And yet, this would still leave another $151 billion to find! Remember that back in 2001, when the Bush Administration arrived in town, to “skip a generation of weapons” was a fetching idea. Plenty of the Pentagon’s practices and spending plans looked really unsustainable without large spending increases. For example, on more than $700 billion annually, the higher sortie rates and higher costs of the Ford-class aircraft carriers are a debatable advantage. On less than $400 billion annually, the choice might be clearer. Any discussion of the Joint Strike Fighter program would be a whole other talk show.
Then there’s America’s global policing, recently championed in the book The Will to Lead (Harper Collins, 2016), by former NATO Secretary General Anders Fogh Rasmussen. Juxtaposed against his earlier work From Social State to Minimal State (Samleren, 1993), that thinking might lead his countrymen to a strategy of “other people’s money.” A great deal of the roughly $200 billion the Pentagon spends on operations and maintenance every year disproportionately flows to support air and naval forces recurrently deployed to the Middle East and the Far East. Perhaps, as I have wondered, the US Navy can figure out how to keep watch with those new robo-frigates DARPA is building. Perhaps, as Admiral Mike Mullen said in 2005, “virtual presence is actual absence.” Five years later, though, the admiral would say that the national debt was the greatest threat to national security. Forget China: for further context, note that the federal budget deficit last year was about $550 billion, or most of what the Pentagon will spend this year. After the near-doubling of federal debt under the Obama Administration, it is now most clear that the party needs to end. Something will need to give, and not just in military spending, but in that two-thirds of the budget which the government calls “mandatory.”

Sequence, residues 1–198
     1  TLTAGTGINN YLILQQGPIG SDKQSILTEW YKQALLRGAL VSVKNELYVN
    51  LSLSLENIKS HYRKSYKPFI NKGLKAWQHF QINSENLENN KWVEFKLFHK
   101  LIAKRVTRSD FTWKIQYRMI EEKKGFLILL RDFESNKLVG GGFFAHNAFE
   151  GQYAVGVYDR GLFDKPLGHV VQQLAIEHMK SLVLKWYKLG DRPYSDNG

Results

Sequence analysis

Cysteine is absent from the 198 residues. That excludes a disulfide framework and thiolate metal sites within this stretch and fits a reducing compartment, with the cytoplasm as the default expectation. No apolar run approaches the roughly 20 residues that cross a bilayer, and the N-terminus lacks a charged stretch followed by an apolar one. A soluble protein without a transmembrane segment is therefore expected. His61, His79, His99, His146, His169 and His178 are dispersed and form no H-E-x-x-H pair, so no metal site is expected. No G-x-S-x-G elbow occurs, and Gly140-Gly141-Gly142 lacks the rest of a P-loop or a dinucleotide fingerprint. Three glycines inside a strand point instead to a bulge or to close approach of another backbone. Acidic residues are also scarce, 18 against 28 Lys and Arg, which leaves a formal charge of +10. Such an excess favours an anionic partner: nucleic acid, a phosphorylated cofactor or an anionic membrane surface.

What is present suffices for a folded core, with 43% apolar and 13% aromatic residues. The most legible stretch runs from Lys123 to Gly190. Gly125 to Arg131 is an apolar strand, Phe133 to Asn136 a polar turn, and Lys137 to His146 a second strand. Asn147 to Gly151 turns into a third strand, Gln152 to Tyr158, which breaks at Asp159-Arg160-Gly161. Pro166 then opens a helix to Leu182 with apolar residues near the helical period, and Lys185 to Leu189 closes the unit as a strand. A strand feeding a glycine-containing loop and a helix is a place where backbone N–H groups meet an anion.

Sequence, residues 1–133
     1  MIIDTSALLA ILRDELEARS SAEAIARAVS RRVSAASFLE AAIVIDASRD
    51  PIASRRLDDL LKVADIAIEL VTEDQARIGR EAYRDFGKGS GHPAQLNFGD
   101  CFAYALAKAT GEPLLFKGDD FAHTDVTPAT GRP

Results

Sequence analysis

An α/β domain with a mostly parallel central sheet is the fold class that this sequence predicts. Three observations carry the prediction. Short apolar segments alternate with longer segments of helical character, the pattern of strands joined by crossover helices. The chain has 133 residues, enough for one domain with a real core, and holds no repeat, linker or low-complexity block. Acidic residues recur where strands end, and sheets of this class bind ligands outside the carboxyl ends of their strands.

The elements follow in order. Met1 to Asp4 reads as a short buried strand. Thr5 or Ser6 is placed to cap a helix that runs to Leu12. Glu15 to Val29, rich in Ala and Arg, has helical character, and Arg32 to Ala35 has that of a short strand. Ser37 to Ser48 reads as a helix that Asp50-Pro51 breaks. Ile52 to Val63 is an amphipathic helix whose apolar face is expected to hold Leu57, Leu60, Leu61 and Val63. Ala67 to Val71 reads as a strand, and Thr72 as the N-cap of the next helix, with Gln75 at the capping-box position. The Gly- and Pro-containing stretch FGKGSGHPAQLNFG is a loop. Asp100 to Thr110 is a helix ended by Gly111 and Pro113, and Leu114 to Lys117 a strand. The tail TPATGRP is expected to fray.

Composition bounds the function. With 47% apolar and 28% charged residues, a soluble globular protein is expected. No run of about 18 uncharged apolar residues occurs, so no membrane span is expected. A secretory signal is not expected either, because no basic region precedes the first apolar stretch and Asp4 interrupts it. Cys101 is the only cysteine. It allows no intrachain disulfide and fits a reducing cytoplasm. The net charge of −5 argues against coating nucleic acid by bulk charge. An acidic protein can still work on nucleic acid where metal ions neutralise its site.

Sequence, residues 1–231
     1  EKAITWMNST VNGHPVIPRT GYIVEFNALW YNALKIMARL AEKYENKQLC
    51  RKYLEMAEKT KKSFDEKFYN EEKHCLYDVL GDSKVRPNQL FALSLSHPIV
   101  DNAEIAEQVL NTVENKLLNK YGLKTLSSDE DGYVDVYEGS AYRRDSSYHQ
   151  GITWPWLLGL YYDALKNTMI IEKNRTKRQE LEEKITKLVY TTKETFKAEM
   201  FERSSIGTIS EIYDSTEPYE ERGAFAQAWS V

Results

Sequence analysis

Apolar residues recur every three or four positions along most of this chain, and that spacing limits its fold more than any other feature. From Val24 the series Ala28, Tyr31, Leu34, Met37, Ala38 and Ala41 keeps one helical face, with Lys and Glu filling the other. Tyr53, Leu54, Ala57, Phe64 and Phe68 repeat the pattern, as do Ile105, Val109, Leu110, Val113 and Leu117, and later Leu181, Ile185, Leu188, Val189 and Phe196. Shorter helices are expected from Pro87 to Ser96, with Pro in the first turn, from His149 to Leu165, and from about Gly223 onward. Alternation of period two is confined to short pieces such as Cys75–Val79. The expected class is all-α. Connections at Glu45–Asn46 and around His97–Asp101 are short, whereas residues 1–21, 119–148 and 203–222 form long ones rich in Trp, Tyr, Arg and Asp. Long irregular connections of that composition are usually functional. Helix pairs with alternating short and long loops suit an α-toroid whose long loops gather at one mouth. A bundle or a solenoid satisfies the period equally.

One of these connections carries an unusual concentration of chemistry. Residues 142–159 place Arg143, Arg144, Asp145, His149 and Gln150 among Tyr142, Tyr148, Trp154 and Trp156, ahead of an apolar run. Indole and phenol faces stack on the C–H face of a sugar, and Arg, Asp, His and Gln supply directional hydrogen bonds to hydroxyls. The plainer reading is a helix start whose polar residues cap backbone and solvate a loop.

Overall, my friends at the Cato Institute might say that the United States is spending too much on its armed forces, and that case can be made. For while there’s a chorus around Washington resounding about how the proposed increases are yet too little, that echo chamber largely lacks a serious explanation of how America’s better than three-to-one financial advantage isn’t enough. Fairly, there’s an argument to be made that when allies free-ride, subsidizing their laxity remains in the national interest. And most fundamentally, bald-faced threats are emanating from the far side of the Pacific, and the annual increases in Chinese military spending have been large and recurring. Irrespective of the Trump Administration’s commitment to building a 355-ship navy, the United States really may be in no position to reduce its spending on warships and long-range aviation.
Perhaps, as I suggested above, the Pentagon could find ways to so thoroughly reengineer its force structures and deployment practices that it could deter or defeat all comers from sea to space on half the spending. That would still leave little room for huffiness from allies about the Trump Administration’s perceived lack of commitment to European defense. European and Canadian commitment to American defense will be long remembered in the dispatch of AWACS aircraft in 2001, and the subsequent long sacrifices of troops in Afghanistan. At the moment, though, the threat of invasion from beyond the Americas is essentially zero, and any actual landward threats to the United States can probably be rounded up by the Texas Rangers. In a two-percent world, American plans against landward threats to Poland might be limited to aircraft, cruise missiles, and marines. For if the US government proportionately spent what European governments spent, there would be no cavalry riding to the rescue.
James Hasik is a senior fellow at the Scowcroft Center for Strategy and Security.